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[ Credits ][ Anthony F.C Wallace and Paul A. W. Wallace ]

Immigrants in the coal region

Colliery payday, Girardville, PA, 1894
During the mid-nineteenth century, immigrants flooded into the Pennsylvania coal regions from Ireland, England, Wales, and the German states, with southern and eastern Europeans adding to the mix after the late 1870s. Although there was considerable diversity among these immigrants, some clear patterns emerge to describe the relationship between their past lives and their fate in the coal regions. Not all jobs in the mines were equally well paid, and for a variety of reasons, not all immigrants were able to take full advantage of the opportunities for self-betterment that may have existed.

Most of the Welsh and English emigrants to Saint Clair came from the richest coal districts of the British Isles, and many had already obtained valuable skills working in and around the mines. Drawing upon these experiences, Welshmen and Englishmen were able to move into the most highly-paid, highly-skilled work in the mines and to maneuver rapidly into supervisory positions. The fates of Irish immigrants, on the other hand, were more varied, depending largely on the timing and circumstances of their arrival and their background in Ireland.

Of the thousands who fled Ireland during the great famine of 1845-1849, most were financially and physically devastated, and coming from backgrounds as laborers or farmers, were ill equipped for work in the mines. Hailing largely from Counties Donegal and Mayo, the famine-era Irish were more likely to live in the patches than towns, and more likely to work as laborers than skilled miners.

Pine Forest Shaft Colliery
In contrast, the majority of those who arrived prior to the famine came from the less-impoverished southern and eastern counties, particularly Laois (Queens County) and Kilkenny. Like the Welsh and English, many Kilkennians were already experienced at working in coal mines on which they could draw in America. The famine in these counties, when it struck, was less severe than in northern and western Ireland, and even at the height of famine in the winter of 1846-47, Kilkennians benefited from outdoor relief provided by the Guardians of the Kilkenny Poor Law Union. Unlike in other counties, and in defiance of the Relief Commissioners, the resident gentry in Kilkenny actively promoted relief efforts.

As a result, many Kilkennians arrived in Saint Clair in better financial and physical condition than their compatriots and were able to build on previous experience to improve their lots. Like their Welsh and English counterparts, many Kilkennians were able to obtain work in the most highly-paid skilled and supervisory positions. This parity with the English and Welsh extended to socializing outside of work: "Kilkenny miners" associated less frequently with other Irish emigrants and more with Welsh, English, and Germans. More tellingly, during the ethnic conflicts of the Molly Maguire era, Kilkenny men joined with Welshmen in the "Chain Gang," known for its violent conflicts with Irish from western Irish counties such as Donegal, Mayo, and Galway.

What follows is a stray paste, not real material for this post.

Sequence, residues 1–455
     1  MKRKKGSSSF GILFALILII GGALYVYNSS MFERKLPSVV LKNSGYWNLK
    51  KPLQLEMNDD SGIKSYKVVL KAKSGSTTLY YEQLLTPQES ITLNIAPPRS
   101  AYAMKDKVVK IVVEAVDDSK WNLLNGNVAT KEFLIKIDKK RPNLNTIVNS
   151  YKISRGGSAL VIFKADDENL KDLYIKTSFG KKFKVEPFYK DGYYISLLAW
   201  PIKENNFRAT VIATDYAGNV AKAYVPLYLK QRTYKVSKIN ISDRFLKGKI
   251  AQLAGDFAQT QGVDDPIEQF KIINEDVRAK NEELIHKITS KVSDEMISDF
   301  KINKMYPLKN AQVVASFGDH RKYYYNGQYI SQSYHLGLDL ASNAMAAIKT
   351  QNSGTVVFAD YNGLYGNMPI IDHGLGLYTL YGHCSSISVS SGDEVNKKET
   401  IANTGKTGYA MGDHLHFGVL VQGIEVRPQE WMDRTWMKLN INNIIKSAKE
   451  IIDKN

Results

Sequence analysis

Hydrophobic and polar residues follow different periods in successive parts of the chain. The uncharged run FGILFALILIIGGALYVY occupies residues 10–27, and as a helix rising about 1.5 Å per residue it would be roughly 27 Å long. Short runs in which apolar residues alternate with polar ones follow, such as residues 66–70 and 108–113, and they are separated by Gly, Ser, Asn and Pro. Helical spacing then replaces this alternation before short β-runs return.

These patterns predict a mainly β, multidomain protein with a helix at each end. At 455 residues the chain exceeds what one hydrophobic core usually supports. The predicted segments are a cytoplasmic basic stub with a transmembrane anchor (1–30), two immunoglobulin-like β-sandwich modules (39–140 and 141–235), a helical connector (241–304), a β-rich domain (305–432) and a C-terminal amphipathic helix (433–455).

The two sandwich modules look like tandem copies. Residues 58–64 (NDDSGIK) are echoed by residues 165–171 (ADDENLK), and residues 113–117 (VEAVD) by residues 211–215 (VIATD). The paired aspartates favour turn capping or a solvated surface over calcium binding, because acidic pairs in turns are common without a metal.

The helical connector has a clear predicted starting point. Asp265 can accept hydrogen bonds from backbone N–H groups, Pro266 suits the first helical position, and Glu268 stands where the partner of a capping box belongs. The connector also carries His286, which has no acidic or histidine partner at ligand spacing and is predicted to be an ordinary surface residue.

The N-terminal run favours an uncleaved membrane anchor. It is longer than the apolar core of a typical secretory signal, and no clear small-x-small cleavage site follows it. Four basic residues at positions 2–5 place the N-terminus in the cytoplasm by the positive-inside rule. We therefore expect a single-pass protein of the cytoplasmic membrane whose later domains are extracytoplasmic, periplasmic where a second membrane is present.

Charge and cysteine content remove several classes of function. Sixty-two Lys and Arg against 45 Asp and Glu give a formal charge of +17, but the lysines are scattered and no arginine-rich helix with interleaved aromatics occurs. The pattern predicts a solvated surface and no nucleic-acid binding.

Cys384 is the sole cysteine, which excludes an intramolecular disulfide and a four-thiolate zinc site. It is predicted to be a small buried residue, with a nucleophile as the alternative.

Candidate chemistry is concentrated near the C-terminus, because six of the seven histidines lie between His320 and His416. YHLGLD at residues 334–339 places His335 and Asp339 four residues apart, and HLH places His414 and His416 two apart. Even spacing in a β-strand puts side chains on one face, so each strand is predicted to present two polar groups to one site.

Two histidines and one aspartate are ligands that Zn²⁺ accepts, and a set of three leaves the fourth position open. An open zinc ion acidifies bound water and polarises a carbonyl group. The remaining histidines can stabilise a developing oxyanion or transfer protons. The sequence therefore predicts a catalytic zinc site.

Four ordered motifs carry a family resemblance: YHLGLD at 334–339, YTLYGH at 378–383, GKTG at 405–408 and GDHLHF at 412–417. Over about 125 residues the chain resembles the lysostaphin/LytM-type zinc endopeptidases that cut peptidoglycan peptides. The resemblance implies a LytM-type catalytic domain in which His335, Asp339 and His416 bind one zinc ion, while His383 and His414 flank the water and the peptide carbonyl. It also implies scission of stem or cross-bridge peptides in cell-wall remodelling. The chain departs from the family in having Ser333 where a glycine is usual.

John Siney, founder of the
Workingmen's Benevolent Association
Adding to the disparities between the laboring Irish and the English and Welsh were their different experiences in industrial labor settings. In particular, the Welsh and English miners brought with them a tradition of organized labor learned in the coal regions at home. The first reasonably effective miners' union, the Workmen's Benevolent Association (WBA), was founded in 1868 by John Siney, an emigrant who had cut his mining teeth in Lancaster, England. From its inception, the WBA attempted to represent all ethnic groups working in the mines: in fact, Siney himself had been born in Ireland. Ultimately, however, the attempts to organize across ethnic lines failed. Ethnic tensions exacerbated by the machinations of mine owners proved the undoing of the WBA. The preferential treatment extended to some English and Welsh employees drove a wedge among the workers, sparking discord that was ignited into flame by the Molly Maguire crimes, an with public opinion running strongly against the WBA, the union folded in the 1870s. Not until the establishment of the United Mine Workers of America (UMWA) in 1890 would a union organize successfully in the Pennsylvania coal fields.

The majority of German immigrants had roots in village life with its distinctions of social rank, and most tended to settle in town. There Germans entered into familiar lines of work, becoming artisans, craftsmen, and shopkeepers.

The experiences of women in the coal region - women of any ethnic background - diverged sharply from that of the men. Prior to the establishment of silk mills in the early 1900s, women found few legitimate employment opportunities in the coal region. While Irish women who settled in the major cities might find work as domestics or in mills, thus enabling single women to fend for themselves, in the coal regions women tended to emigrate with husbands or families and most listed their occupations as "keeping house." Although most native-born American women were less well educated than their male counterparts during the nineteenth century, women in the coal regions were often better educated than their husbands, fathers, and brothers. The greater (external) work opportunities for males led them to drop out of school at younger ages than their female siblings. One often finds examples in the census of wives who could read and write while their husbands could not -- the reverse of the pattern commonly seen in urban areas and rural farming areas.